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--With comfort and perhaps triumph ; having made our peace with God, being made his children, heirs of God, and having a lively hope of a future iuheritance and a foretaste of it.--It will tend to our everlasting advantage. We shall not only lose nothing by death, but gain much ; deliverance from toil, care, pain, sickness, temptation, and sin; the presence and enjoyment of GOD; the society of saints, angels, &c.
Hence the consideration of death will do us good in ETERNITY; as it will induce us to acquire holiness, and follow after higher degrees of it; usefulness, to our fellow creatures ; patience in suffering; and as it will increases our reward for ever.
The wisdom of considering our latter end will appear in a still more striking light, if we contrast therewith the folly and miserable consequences of not considering it. This may also be noticed,
In LIFE,-—which thereby becomes unwise. For these, rejecting the best interests of their rational, spiritual, and immortal nature for the sake of the things of time and sense,
“ Sink into slaves, and sell for present hire
They likewise become unholy ; unhappy; unprofitable ; (Ps. xxxix. 6 ;) “Man walketh in a vain shadow, and disquieteth himself in vain ;" in every particular the reverse of what was said above.
In DEATH,—which is thereby rendered dangerous, difficult, and destructive.
“At that dread moment, how the frantic soul
Then all is lost, and everlasting misery incurred.
In ETERNITY.-Our lifebeing useless, sinful, hurtful, and all our sufferings not reclaiming us, we obtain an increased misery for ever.
III. WHY MEN ARE so AVERSE TO THE CONSIDERATION OF THEIR LATTER END, AND HOW
THAT A VERSION MAY BE OVERCOME?
This is implied in the text, “O that they were wise,” &c.
It arises from ignorance on the subjects of death and eternity.
“ Amazing state! No wonder that we dread
Sickness and pain before, and darkness all behind.”
To overcome it-Know what death is, viz. the gate of life. --Apply to him who died for our sins, and rose again for our justification.-Get suitable views of a better life after this.
There is none like unto the God of Jeshurun, who rideth upon
the heaven in thy help, and in his excellency on the sky. The eternal God is thy refuge, and underneath are the everlasting arms : and he shall thrust out the enemy from before thee ; and shall say, Destroy them! Israel then shall dwell in safety alone : the fountain of Jacob shall be upon a land of corn and wine ; also his heavens shall drop down dew. Happy art thou, O Israel! who is like unto thee, O people, saved by the Lord, the shield of thy help, and who is the sword of thy excellency! And thine enemies shall be found liars unto thee; and thou shalt treat upon their high places.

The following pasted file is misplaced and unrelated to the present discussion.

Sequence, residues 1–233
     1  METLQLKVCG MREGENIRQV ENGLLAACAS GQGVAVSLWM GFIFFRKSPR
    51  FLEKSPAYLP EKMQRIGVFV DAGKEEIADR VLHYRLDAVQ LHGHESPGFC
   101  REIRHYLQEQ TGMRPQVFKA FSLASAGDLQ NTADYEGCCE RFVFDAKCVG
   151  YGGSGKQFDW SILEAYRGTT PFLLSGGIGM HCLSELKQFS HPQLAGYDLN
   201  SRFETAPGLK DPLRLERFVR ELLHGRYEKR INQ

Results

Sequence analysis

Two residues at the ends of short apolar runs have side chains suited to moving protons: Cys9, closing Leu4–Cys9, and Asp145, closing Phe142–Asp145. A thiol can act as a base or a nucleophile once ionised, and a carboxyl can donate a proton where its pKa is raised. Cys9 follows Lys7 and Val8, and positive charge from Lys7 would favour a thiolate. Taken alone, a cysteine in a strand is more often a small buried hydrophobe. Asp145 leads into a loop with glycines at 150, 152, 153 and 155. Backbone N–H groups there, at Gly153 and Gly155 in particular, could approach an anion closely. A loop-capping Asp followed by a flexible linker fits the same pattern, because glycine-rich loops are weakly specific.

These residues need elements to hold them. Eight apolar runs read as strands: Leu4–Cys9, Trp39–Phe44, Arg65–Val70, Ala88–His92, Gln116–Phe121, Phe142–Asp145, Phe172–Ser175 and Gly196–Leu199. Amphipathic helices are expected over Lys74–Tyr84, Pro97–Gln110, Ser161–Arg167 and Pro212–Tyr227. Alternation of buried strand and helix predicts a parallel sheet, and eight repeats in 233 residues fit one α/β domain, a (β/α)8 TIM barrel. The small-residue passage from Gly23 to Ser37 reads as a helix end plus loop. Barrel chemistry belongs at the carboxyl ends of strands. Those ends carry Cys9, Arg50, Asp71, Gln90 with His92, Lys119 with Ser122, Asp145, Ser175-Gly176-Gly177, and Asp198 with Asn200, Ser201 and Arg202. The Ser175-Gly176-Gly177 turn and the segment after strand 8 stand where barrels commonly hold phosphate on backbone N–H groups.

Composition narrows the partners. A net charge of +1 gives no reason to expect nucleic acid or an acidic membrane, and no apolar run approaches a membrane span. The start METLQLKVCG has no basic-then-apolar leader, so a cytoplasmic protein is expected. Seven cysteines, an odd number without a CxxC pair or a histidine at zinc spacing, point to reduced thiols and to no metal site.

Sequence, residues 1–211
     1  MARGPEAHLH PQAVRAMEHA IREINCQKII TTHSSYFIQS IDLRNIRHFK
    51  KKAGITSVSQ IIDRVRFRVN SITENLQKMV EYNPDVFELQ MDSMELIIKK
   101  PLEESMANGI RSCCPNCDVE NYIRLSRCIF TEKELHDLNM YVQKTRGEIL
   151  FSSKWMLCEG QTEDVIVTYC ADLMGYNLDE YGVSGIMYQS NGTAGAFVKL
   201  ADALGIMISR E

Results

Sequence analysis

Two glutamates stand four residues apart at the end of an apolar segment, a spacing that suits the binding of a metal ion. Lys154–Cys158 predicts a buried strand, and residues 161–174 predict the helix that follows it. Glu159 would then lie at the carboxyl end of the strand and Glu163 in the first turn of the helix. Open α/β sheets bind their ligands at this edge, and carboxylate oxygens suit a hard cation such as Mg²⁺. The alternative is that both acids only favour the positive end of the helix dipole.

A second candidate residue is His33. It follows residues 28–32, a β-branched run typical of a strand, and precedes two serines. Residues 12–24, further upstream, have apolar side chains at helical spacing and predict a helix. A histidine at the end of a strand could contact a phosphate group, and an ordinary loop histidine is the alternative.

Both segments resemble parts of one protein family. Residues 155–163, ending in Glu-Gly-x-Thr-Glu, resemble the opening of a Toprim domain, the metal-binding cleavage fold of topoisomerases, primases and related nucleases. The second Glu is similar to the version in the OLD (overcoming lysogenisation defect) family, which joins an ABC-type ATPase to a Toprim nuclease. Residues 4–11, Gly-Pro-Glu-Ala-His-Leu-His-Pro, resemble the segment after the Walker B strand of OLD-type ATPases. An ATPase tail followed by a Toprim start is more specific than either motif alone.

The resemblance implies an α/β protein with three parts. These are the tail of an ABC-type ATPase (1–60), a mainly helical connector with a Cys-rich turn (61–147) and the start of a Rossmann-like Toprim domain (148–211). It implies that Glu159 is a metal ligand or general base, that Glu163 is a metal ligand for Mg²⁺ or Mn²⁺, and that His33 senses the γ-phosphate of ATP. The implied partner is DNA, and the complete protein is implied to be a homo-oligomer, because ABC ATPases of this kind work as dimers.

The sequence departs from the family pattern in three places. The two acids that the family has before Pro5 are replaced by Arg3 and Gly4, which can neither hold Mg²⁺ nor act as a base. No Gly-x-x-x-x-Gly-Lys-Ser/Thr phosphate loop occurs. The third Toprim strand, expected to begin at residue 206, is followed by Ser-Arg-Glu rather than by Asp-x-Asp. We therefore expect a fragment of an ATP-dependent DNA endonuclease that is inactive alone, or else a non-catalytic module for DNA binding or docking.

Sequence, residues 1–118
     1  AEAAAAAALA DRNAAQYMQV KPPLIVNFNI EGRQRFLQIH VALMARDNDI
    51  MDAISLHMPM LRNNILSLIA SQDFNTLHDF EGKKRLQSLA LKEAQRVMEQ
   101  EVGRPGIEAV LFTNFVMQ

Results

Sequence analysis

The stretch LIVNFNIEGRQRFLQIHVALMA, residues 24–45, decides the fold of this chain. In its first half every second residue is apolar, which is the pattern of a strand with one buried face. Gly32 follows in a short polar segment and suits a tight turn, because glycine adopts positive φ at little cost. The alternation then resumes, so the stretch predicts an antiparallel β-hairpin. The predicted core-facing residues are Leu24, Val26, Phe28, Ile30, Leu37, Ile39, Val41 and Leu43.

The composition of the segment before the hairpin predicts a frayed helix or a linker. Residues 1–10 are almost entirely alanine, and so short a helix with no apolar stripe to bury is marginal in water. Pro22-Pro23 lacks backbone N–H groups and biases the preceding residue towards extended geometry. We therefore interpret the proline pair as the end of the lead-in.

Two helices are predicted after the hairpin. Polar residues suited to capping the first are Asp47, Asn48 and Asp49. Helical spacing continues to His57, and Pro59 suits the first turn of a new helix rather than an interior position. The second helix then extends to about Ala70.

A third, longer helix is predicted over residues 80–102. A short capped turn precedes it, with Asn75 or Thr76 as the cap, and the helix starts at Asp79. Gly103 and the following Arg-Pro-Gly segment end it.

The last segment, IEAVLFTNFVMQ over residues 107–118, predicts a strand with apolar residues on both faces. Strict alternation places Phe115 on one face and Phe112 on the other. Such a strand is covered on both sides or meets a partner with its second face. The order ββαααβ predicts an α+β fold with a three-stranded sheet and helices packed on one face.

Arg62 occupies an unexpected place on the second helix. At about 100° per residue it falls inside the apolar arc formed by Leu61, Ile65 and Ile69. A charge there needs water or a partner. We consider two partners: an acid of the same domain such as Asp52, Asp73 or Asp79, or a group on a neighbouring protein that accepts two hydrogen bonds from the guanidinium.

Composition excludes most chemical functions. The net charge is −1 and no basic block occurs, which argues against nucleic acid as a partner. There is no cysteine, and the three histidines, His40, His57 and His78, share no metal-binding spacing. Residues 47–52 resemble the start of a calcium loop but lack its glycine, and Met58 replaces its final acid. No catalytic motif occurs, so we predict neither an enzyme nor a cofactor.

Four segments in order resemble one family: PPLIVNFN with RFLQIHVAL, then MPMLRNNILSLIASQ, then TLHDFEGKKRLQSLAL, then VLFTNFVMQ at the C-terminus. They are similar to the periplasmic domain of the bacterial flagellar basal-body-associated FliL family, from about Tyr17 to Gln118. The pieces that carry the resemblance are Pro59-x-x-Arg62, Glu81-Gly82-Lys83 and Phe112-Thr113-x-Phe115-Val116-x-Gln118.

These, it seems, are the last words of all that Moses, the earliest and one of the greatest of writers, ever wrote. They are, therefore, were it only on this account, very remarkable,
and well worthy the serious attention of all, who have a respect for the memory of that ancient and eminent servant of God. But they are still more remarkable for the excellent matter they contains which all must find more or less edifying, who carefully consider it with faith and prayer: Moses here magnifies; with his last breath, both the Goù of Israel, and the Israel of God; and who was ever better acquainted with either ? They are both incomparable in his judgment. Of the former he plainly affirms, not fearing to be contradicted, “ There is none like the God of Jeshurun.” And, concerning the latter, he speaks with no less decision, saying, “Happy art thou, O Israel! who is like unto thee, O people, saved by the LORD!”
These words, you know, were originally spoken to the poss terity of Jacob, at the time when they had just finished their forty years' peregrination in the wilderness, and were about to pass over Jordan, and take possession of the promised land. In their primary, literal, and most obvious signification, therefore, they relate to the Israelites under these circumstances ; but, in a secondary sense, and that by no means far-fetched, or unnatural, this whole passage may be very justly applied to the true church and people of God in all ages ; and, thus taken, it is admirably calculated to illustrate some important branches of their characters duty, safety, and happiness. And, in some sense, though still more remote from their primary meaning, these words may be applied to those countries, in which the church of God is planted, protected, and encouraged, and where the true people of God are increasing, and possess singular privileges.
I shall explain the words with a reference to these particulars, in the order in which they stand.
In the preceding part of the chapter, we have an account of " the blessing wherewith Moses, the man of God blessed the children of Israel before his death.” Having given each tribe its particular portion, he addresses them conjointly, in the words which I have just read, in which, it seems, breaking out into a rapture, from the fulness of his heart, he celebrates God and his people.
66 There is none like the God of Jeshurun.”. Moses does not say, There is no God like him, for to have expressed himself so would have implied that there was some other god or gods, which Moses knew there was not; all that have been, are, or will be called gods, being mere pretenders to deity, and possessing nothing divine, but the mere name,-either the creatures of the true God, the workmanship of men's hands, or mere imaginary beings, having no existence, except in the fancies